Some of them are spins on classics, which was intentional on my part. I wanted to reimagine certain ideas that people love and wear often. Through that reimagining, I wanted them to become new classics, so to speak. One of those examples is the Embrace Link Bracelet; I really wanted a piece that would be both feminine and masculine, and something that symbolizes all of our connections. The links have this tight intertwining, as a result. I’m also really drawn to movement, so there are some pieces that have a kinetic element, like floating pear-shaped diamonds on the Crescent Drop Hoop Earrings, or others with a more water-like sense of energy, such as the Fountain Earrings. These were inspired by the campaign’s fountain scenes. The design that I really, really love is Dancing Twist Hoop Earring. It’s a traditional shape in theory, but now, there’s a twist, with a baguette diamond cut you don’t often see on this silhouette. For this, the inspiration came from elsewhere—the Apple Store in New York City’s Meatpacking District. It has this amazing spiral staircase. I thought, “That would be so cool as an earring.”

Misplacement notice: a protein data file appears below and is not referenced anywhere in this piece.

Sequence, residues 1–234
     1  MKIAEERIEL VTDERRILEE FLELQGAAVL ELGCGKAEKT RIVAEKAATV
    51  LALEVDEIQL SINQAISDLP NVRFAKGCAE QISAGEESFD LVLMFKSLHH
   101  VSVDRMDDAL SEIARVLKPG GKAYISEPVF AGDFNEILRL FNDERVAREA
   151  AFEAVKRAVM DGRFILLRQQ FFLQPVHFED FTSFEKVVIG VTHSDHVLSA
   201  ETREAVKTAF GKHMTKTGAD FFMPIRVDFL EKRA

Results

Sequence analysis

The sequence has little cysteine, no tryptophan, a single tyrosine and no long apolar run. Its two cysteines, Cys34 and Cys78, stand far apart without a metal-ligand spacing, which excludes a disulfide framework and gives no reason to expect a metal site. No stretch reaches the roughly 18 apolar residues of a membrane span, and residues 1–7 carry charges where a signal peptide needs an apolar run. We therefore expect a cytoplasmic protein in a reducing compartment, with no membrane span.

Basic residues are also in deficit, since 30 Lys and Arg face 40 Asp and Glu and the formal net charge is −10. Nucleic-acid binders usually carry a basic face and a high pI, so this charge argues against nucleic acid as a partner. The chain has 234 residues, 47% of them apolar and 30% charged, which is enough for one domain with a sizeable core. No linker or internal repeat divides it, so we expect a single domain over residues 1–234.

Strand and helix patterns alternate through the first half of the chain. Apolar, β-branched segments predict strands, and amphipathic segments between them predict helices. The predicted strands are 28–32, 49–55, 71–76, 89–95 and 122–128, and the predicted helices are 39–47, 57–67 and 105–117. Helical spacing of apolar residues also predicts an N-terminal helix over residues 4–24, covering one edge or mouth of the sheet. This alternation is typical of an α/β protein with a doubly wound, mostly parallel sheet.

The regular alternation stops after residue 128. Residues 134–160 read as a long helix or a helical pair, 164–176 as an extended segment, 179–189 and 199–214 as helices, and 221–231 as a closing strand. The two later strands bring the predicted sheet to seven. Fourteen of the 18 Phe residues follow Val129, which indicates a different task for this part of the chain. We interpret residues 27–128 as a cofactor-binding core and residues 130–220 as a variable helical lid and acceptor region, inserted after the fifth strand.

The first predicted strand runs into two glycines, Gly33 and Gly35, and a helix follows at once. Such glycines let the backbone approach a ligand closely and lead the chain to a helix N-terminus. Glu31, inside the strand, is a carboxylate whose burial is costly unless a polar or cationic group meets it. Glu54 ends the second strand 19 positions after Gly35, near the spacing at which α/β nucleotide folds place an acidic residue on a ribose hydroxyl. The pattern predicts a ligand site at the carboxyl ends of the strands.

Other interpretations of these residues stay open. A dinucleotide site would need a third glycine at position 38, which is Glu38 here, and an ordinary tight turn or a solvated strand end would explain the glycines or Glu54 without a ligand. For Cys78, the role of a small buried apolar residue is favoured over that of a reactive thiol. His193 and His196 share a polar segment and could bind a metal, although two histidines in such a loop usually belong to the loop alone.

What is always present in your creativity—what’s instilled and visible, regardless of the collection or the project?

I would say the elements that you always see in my work include some form of movement, whether in the design itself or just in the way the eye travels, and a reflection of the natural world.

How did you get into jewelry design? Has it always been an interest?

Looking back, I would say I was always interested in jewelry. I always had a love for fashion, and ever since I could hold a pencil in my hand, I’ve been sketching. I drew clothing more often, but I remember being focused on the full look of how outfits came together, accessories included. I went to school for fashion merchandising and product development at Florida State University, then returned to New York to work in the field for several years on the production and sales side. What really sparked it all was when I was looking for a body chain to wear to a music festival. I couldn’t find one that fit the aesthetic and price point I was looking for. At the time, body chains were popular. Rihanna was wearing them. I ended up creating my own, and I got stopped so many times by people asking about it. It was such a small, dainty sort of piece, but it made a statement. After some convincing I put it online, and it was a slow burn, but then it picked up and… that’s how Made by Malyia was born!